Anyway.

As (probably) mentioned before, the impulse to get some actual!writing written (with or without said writing edited within an inch of its life) fluctuates – there are times when the ideas stagnate, and days/weeks go by without a single word written, then there are other times when the ideas flourish, and I spend hours writing, rewriting, and editing as I write. There’s no way of predicting when these states of writing (or non-writing) occur, or how long each will last, which is probably why the entire process has taken so long, and why I don’t do so well with set schedules and timetables/deadlines to deliver a final product/draft. Despite this (apparent) inability to finish writing a specific number of words within a specific amount of time, I still plan on participating in NaNoWritMo, this year with the added (aforementioned) challenge of writing outside my comfort genre.

Also, focusing (most) of my literary-minded attention to one series within the series saga has been beneficial, though every now and then a stray idea or plot twist pops into my head, of which I jot down and file away to be used at a later date. Even within the confines of focusing on Series One, Book One, (slight) changes have cropped up, mostly for character exposition and the relationship between said characters. It is overwhelming at times to pin down what the Canon will/should be, and leaving enough vagueness for fan fiction writers to extrapolate and create AU scenarios. (Yes, I’ve fantasized that far ahead of a fandom for this series saga.)

Nevertheless, with the comeback return of the actual!writing Muses (and such), I should wrap up this blog entry and get back to the actual!writing – who knows how long this stint will last.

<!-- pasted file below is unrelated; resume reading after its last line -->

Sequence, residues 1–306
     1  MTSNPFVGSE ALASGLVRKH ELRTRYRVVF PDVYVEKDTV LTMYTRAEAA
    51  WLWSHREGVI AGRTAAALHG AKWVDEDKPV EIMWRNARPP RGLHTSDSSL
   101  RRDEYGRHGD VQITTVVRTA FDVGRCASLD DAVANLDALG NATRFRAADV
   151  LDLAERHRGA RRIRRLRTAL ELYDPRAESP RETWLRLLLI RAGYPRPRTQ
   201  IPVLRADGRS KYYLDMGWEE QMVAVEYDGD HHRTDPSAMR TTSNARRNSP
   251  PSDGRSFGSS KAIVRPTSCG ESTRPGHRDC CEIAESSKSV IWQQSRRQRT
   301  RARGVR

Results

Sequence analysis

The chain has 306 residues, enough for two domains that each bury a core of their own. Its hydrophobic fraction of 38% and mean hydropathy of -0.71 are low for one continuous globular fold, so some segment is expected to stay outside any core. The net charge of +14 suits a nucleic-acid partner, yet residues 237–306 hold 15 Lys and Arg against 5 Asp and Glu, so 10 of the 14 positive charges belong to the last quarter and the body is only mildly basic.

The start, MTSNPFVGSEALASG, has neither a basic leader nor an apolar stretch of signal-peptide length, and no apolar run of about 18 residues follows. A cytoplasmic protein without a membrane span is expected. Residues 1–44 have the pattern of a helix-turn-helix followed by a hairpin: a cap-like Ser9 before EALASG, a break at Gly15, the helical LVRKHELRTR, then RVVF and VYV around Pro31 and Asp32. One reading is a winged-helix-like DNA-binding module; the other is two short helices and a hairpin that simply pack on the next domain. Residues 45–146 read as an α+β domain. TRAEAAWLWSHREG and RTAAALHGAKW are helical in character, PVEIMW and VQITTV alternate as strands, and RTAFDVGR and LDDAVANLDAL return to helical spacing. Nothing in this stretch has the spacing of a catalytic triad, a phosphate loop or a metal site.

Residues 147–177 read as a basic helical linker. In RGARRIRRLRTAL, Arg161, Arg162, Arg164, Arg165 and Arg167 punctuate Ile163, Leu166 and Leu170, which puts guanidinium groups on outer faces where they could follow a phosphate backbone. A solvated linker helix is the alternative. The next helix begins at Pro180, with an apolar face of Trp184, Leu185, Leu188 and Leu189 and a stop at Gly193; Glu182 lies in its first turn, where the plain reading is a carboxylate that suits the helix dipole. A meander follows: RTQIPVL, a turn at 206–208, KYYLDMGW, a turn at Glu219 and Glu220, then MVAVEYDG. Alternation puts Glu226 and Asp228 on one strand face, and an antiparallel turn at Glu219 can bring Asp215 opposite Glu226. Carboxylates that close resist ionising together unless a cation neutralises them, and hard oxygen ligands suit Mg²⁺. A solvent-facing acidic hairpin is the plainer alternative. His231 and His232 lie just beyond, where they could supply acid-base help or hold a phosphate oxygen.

TTFN!

 

 

Writing Challenges

Another week of pondering and plotting, yet not so much actual!writing about NaNoWritMo, the various WIPs and the writing prompt project (a project I am determined to complete by year’s end). I’m (still) pondering on what I should (attempt to) write next month – whether to build upon one of the many novels in the series saga or just make up an entirely new story, independent of the series saga. I’m (still) sorting through the jumble of plot twists, character relationships and overall sequence of events of each series – removing extraneous elements deemed cliché (and in doing so, opened up a new/old tangent in character exposition). So that’s a quasi-win.

In prepping for NaNoWritMo, I’ve decided to add an additional (rather optional) twist to the already challenging… well, challenge: for this year’s effort, I will attempt to write outside my comfort genre. I’ve already made a quasi-binding pact with two aspiring writers (whom I met via a writing group on Facebook) to raise the stakes (if only for bragging rights). Interestingly, the literary genre that is outside the comfort zone for the aforementioned writers is mystery (which – as the title of this blog can attest – is my strong suit, or at least the genre I’m most comfortable); conversely, the genre in which they mainly write (and feel is their strong suit) is the genre I don’t particularly feel comfortable.

Romance.

It’s not that I’m totally opposed to romance (there are some romantic films/TV shows/books I enjoy), but it’s the kind of romance novel/film/TV show, etc. that is prevalent these days that makes me roll my eyes: the overly sentimental, cliché archetype mainly used in YA [young adult] stories, usually within the dystopian universe. Also, it seems to me that most adult [meaning with non-young adult characters, and not necessarily smutty] romance novels are essentially the same, but with time/location differences and the characters have different names.  I never understood the appeal of romance novels (Harlequin or the 50 Shades ilk), but then again, I’m the romantic/overly sentimental type.